7 Super Important Things Spiders Do For Us

They might be creepy critters, but spiders play a vital role in the ecosystem.

From helping us live healthier lives to contributing to medical research, there are certainly more benefits than drawbacks to having these eight-legged crawlers around!

We have put together a list of 7 super important things spiders do for us, including:

  • Providing pest control.
  • Contributing to medical treatments.
  • Feeding helpful wildlife.
  • Contributing to research on life in space.
  • Contributing to engineering research.
  • Contributing to research on global warming.
  • Providing us with healthier food options.

1. Spiders Are a Natural Form of Pest Control

Spiders feast on insects that include flies, cockroaches, and mosquitoes. As a natural form of pest control, spiders help keep us safe from the diseases and unpleasantries that these other pests spread.


Flies spend a lot of time landing on, feasting on, and laying eggs on rotting substances, manure, dead animals, and trash.

The thought of this alone is enough to turn your stomach, but when they land on these things, they can also pick up diseases that they can spread to us.

Flies can spread diseases including:

  • Typhoid
  • Cholera
  • Shigellosis
  • Dysentery
  • Tularemia
  • Leprosy
  • Poliomyelitis


Cockroaches can spread diseases including:

  • Dysentery
  • Cholera
  • Typhoid fever
  • Staphylococcus infection
  • Salmonella infection
  • Poliomyelitis
  • Leprosy
  • Plague


Mosquitoes are more than bothersome biters; they are also a significant vector of disease for humans.

Mosquitoes can spread diseases including:

  • West Nile Virus
  • Zika
  • Dengue Fever
  • Malaria
  • Yellow Fever

2. Spiders Provide Multiple Medical Benefits

Both spider venom and spider silk have valuable medicinal applications!

A 2014 study at the University of Queensland found that the modified venom of the Chinese bird spider created a pain-killing protein.

Scientists believe that this substance is a step towards remedying the local opioid crisis by providing a less addictive pain killer.

Scientists have also studied the application of spider venom in cancer research and its benefits in delaying the effects of a stroke.

For centuries spider silk has been used to dress wounds because it is a protein-based biocompatible material.

By drawing on this spider silk tradition of the ancient Greeks and Romans, researchers have even developed a synthetic spider silk bandage.

Researchers are also hopeful that spider silk can prove valuable for wound repair. By acting as a scaffold, spider silk aids in repairing damaged tissue, promoting faster, more efficient wound reparation.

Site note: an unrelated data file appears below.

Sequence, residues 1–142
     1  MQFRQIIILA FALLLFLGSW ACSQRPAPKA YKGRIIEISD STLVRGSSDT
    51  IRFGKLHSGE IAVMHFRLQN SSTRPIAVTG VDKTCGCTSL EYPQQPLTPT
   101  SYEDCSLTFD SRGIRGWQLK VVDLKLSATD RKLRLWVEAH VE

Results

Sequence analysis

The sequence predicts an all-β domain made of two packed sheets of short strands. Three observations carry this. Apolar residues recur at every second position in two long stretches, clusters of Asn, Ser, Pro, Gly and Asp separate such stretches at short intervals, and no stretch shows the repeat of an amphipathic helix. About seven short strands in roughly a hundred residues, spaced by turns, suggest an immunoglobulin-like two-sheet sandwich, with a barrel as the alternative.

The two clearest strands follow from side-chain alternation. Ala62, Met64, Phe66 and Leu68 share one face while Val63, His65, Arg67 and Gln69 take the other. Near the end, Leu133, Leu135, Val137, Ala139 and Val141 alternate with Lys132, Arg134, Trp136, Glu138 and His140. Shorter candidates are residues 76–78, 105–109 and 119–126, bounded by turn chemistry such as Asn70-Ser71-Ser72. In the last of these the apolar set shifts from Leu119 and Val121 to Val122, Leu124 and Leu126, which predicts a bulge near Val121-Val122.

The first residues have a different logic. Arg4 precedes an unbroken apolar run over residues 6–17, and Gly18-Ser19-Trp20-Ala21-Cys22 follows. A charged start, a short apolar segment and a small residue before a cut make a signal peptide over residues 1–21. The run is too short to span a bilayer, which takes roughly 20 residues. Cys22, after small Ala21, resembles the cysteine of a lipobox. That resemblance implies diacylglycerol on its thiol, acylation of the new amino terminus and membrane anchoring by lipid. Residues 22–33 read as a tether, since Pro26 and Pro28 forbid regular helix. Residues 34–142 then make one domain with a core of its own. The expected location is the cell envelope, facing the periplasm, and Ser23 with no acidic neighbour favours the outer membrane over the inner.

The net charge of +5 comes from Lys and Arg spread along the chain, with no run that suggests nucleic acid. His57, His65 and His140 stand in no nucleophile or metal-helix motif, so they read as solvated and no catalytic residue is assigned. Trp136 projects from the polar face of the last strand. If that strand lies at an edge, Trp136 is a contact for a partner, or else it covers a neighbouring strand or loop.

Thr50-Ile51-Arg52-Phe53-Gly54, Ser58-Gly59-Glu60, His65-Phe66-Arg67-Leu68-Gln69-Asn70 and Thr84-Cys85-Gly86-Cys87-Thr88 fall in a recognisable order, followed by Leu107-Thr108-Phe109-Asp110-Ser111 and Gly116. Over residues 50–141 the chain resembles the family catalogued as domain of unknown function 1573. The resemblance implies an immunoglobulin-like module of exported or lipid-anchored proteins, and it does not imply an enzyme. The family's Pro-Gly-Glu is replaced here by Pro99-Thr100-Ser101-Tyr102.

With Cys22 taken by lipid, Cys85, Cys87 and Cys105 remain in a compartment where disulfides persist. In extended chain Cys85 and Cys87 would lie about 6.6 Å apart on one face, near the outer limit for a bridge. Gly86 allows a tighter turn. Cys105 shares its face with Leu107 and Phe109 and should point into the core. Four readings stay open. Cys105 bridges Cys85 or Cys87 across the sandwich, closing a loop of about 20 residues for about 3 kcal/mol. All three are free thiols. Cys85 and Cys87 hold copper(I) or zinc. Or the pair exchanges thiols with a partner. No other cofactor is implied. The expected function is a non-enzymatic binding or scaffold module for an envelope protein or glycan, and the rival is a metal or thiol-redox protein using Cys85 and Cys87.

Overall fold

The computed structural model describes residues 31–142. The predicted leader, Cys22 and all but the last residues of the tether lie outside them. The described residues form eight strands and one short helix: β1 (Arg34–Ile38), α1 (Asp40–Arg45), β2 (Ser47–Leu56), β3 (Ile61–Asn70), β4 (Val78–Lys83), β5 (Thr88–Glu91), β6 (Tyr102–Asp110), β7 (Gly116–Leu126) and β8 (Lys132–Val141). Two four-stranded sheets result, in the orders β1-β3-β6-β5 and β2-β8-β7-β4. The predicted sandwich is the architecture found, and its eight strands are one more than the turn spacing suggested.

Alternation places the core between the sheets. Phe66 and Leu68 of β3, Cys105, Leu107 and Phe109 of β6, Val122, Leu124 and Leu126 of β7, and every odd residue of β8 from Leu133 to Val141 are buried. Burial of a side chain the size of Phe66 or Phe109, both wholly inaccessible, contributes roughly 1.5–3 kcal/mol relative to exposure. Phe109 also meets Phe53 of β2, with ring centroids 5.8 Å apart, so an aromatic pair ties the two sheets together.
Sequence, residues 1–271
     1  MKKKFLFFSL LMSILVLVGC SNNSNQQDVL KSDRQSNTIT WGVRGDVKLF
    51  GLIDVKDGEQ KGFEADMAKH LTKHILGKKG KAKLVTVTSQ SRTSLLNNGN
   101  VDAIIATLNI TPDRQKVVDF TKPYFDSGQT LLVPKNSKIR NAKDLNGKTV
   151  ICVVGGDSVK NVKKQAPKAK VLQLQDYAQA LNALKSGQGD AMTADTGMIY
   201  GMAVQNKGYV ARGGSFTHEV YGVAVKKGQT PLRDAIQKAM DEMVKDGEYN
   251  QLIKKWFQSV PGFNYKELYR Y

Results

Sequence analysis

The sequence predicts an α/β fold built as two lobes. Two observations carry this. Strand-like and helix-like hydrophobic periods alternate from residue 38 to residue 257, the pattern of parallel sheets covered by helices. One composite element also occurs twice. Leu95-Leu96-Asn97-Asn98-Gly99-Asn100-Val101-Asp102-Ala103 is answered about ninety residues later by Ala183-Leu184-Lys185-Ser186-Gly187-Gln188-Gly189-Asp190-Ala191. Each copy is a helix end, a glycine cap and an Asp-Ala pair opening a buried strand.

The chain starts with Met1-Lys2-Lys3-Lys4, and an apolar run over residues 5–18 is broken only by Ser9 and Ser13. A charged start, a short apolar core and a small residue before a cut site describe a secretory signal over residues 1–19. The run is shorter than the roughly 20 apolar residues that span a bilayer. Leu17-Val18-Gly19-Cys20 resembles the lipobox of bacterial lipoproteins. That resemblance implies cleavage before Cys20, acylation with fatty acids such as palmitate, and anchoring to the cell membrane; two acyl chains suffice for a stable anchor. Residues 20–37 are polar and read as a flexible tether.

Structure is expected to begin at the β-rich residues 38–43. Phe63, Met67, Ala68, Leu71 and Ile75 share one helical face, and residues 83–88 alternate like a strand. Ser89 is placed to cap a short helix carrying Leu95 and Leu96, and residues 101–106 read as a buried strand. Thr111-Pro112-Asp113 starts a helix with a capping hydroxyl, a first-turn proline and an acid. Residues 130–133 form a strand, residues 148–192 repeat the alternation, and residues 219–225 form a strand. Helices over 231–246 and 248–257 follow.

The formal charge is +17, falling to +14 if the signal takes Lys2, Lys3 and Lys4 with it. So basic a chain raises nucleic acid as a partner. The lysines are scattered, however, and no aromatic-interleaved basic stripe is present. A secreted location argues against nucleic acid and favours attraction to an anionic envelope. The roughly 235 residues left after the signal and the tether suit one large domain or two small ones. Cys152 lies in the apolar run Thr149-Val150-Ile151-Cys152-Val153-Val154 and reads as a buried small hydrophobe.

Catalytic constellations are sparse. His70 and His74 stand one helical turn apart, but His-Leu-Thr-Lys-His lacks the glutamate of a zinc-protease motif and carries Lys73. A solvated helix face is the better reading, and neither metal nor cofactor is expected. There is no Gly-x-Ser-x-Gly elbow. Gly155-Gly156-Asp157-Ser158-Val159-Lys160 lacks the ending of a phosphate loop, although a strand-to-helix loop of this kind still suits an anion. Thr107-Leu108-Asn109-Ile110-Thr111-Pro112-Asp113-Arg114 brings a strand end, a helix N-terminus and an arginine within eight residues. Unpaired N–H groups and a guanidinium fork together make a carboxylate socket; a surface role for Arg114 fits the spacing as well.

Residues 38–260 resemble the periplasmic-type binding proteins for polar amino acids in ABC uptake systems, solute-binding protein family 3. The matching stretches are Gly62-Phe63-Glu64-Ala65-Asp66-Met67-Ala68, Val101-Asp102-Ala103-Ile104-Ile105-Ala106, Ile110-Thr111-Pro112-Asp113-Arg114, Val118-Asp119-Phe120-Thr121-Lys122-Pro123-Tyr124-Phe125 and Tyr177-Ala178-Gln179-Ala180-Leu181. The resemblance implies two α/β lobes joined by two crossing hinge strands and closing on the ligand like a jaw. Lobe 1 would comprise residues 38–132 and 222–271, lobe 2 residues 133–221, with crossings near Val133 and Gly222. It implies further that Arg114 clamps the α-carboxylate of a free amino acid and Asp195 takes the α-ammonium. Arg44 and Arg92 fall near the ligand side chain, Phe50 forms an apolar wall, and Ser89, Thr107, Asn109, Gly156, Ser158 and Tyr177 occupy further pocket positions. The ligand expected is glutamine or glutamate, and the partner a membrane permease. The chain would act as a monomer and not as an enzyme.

Researchers have also found that spider silk has gram-positive antibacterial properties.

In an experiment, they exposed spider silk to gram-negative and gram-positive bacteria. The silk had little effect on the gram-negative bacteria but did show to inhibit the growth of gram-positive bacteria!

Additionally, researchers say that spider silk holds promise as a drug delivery medium.

Researchers believe that they can use silk to sense biomarkers and, with the application of an antimicrobial coating, can deliver antimicrobial medications in a more efficient yet biocompatible way.

3. Spiders Feed Helpful Critters in Our Ecosystem

It seems an odd “benefit,” but spiders are a great source of nourishment for various beneficial wildlife species in our environment – talk about the circle of life!

Animals that feed on spiders include:

  • Other spiders.
  • Birds.
  • Wasps.
  • Small mammals.
  • Lizards.

These spider-eating animals have a valuable role in ecology, but not just because they keep spider populations in check!


Birds play a vital role in our ecosystem by:

  • Dispersing seeds from plants.
  • Controlling other insect populations.
  • Pollinating plants.

In fact, birds are so vital to our biome that the extinction of bird species has led to the obliteration of symbiotic organisms.

For example, the extinction of the dodo led to the loss of a fruit tree that depended on the dodo for seed dispersal!


Wasps play a vital role in our bionetwork by:

  • Pollinating plants.
  • Dispersing plant seeds.
  • Controlling pests.
  • Providing venom for medical uses.

Small Mammals

Small mammals that eat spiders include monkeys, mice, possums, and raccoons.

Monkeys play a vital role in our environment by:

  • Dispersing plant seeds.
  • Controlling pests.
  • Teaching us about our history.

Mice play a vital role in our ecosphere by:

  • Providing a food source for many other animals.
  • Spreading fungi.
  • Dispersing plant seeds.
  • Being valuable in scientific research.

Possums play a vital role in our habitat by:

  • Performing extreme pest control (including snakes.)
  • Providing cleanup of animal carcasses.
  • Eating fallen, rotting fruits and preventing them from damaging your landscaping.

Raccoons play a vital role in our world by:

  • Controlling pests.
  • Dispersing plant seeds.
  • Protecting bees by eating the wasps that predate bees.


Lizards play a vital role in our ecology by:

  • Controlling pests.